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A Retrospective Study of Survivors of Endovascular Coiling for Posterior and Anterior Aneurysms

Wilson, Sarah J. et al.

Medicine. Volume 94:Issue 32 (2015, August 8th) -- Lippincott, Williams & Wilkins

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  • Title:
    A Retrospective Study of Survivors of Endovascular Coiling for Posterior and Anterior Aneurysms
  • Author: Wilson, Sarah J.;
    Drackford, Ruth;
    Holt, Michael;
    Anser, Azim.
  • Found In: Medicine. Volume 94:Issue 32 (2015, August 8th)
  • Journal Title: Medicine
  • Subjects: Médecine--Périodiques; Periodicals; Medicine--Periodicals; Geneeskunde; Medicine; Dewey: 610.5
  • Rights: legaldeposit
  • Publication Details: Lippincott, Williams & Wilkins
  • Abstract: <x xml:space="preserve">Abstract</x> Abstract

    This article documents the longer-term medical and psychosocial outcomes of patients referred for endovascular coiling.

    There is limited research investigating outcome following endovascular coiling for posterior compared to anterior circulation aneurysms, and minimal understanding of how medical outcomes relate to patient experiences of treatment and quality of life.

    We studied a consecutive cohort of 80 patients referred Australia wide for endovascular coiling between 1995 and 2003 (49% posterior; 76% ruptured; 69% women, mean age 51.5 years). We used a mixed methods approach, assessing medical outcome with the Modified Rankin Scale (MRS) in 61 patients (76%), and health-related quality of life and psychosocial functioning using the EuroQol questionnaire and a qualitative semistructured interview in 49 patients (61%).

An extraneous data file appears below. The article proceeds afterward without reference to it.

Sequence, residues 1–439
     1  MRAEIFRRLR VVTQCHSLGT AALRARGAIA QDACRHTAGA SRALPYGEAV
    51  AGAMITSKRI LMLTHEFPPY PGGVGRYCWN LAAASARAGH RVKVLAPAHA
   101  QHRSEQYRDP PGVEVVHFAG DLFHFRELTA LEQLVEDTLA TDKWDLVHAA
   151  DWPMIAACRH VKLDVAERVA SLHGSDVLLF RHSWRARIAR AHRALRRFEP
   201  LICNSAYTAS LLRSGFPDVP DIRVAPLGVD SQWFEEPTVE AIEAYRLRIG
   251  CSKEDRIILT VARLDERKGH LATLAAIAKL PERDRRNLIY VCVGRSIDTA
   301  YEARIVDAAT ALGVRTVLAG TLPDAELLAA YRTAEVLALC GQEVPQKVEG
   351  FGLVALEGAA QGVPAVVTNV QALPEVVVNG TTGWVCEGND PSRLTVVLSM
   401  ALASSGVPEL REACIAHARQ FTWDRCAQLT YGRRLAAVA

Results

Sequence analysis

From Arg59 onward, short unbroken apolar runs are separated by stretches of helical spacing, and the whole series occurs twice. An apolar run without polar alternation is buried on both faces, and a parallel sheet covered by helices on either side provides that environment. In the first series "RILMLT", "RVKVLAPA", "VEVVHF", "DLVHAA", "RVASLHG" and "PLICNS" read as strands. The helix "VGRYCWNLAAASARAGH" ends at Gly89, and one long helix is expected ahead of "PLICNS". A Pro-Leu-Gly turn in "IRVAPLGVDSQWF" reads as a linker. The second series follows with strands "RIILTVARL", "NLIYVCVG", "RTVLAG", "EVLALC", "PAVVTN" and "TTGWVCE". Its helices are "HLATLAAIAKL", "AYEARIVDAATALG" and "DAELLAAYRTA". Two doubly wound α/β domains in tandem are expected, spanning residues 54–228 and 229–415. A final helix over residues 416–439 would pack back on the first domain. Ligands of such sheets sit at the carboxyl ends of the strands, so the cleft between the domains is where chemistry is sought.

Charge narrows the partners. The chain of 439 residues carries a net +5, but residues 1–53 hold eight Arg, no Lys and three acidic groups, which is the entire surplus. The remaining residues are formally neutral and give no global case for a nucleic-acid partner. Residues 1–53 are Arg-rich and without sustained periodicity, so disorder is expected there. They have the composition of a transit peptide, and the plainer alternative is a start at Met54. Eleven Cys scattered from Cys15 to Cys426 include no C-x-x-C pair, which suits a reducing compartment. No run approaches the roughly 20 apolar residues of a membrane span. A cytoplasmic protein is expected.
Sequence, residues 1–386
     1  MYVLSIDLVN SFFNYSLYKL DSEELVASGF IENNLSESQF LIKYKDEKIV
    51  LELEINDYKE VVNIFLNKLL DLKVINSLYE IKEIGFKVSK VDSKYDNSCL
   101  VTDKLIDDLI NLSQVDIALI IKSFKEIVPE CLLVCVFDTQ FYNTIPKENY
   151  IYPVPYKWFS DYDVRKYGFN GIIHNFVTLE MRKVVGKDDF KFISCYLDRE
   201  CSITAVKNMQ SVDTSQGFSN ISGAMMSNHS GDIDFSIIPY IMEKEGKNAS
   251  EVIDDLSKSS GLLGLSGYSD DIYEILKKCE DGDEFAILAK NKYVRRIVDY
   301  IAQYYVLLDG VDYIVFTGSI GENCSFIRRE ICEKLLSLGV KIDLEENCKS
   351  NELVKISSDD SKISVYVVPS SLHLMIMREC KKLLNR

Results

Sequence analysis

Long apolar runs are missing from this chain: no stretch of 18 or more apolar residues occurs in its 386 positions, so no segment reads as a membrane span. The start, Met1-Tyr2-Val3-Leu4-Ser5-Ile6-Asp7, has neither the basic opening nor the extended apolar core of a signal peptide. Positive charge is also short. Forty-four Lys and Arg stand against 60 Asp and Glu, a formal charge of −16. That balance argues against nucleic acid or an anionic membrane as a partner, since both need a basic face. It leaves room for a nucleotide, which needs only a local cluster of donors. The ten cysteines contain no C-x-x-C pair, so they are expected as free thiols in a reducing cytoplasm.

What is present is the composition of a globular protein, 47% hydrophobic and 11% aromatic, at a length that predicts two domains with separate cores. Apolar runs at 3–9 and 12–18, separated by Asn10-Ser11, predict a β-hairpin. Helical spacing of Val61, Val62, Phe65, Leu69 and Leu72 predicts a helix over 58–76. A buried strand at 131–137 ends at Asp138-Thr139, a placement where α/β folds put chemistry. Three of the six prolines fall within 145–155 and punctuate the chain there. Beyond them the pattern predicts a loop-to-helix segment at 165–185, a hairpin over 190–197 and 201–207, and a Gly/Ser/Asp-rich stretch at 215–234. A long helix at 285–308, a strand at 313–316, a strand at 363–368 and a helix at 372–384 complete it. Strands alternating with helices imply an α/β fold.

Despite the high proportion of posterior aneurysms, the majority of patients (80%) showed good medical outcomes as indicated by regained independence of activities of daily living (MRS score ⩽3). Patients with unruptured aneurysms were significantly more likely to show good outcomes (P < 0.04), whereas aneurysm location (posterior, anterior, or mixed) showed no significant effect. In patients with good medical outcomes, greater functional disability was associated with neurological complications surrounding treatment (P < 0.05). Good outcomes correlated with higher EuroQol ratings (P < 0.001) and the experience of less change after treatment (P < 0.001), although psychosocial adjustment issues were reported by most of the patients, including those with no medical symptoms.

    These results support the long-term efficacy of endovascular coiling, particularly for posterior circulation aneurysms. They have implications for guiding clinicians and patients in their choice of treatment, as well as the provision of psychological counseling for patient adjustment issues posttreatment.

  • Identifier: ETOClsidyv99be3732; System Number: LDEAvdc_100026420129.0x000001; Journal ISSN: 0025-7974; 10.1097/MD.0000000000001313
  • Publication Date: 2015
  • Physical Description: Electronic
  • Shelfmark(s): ELD Digital store

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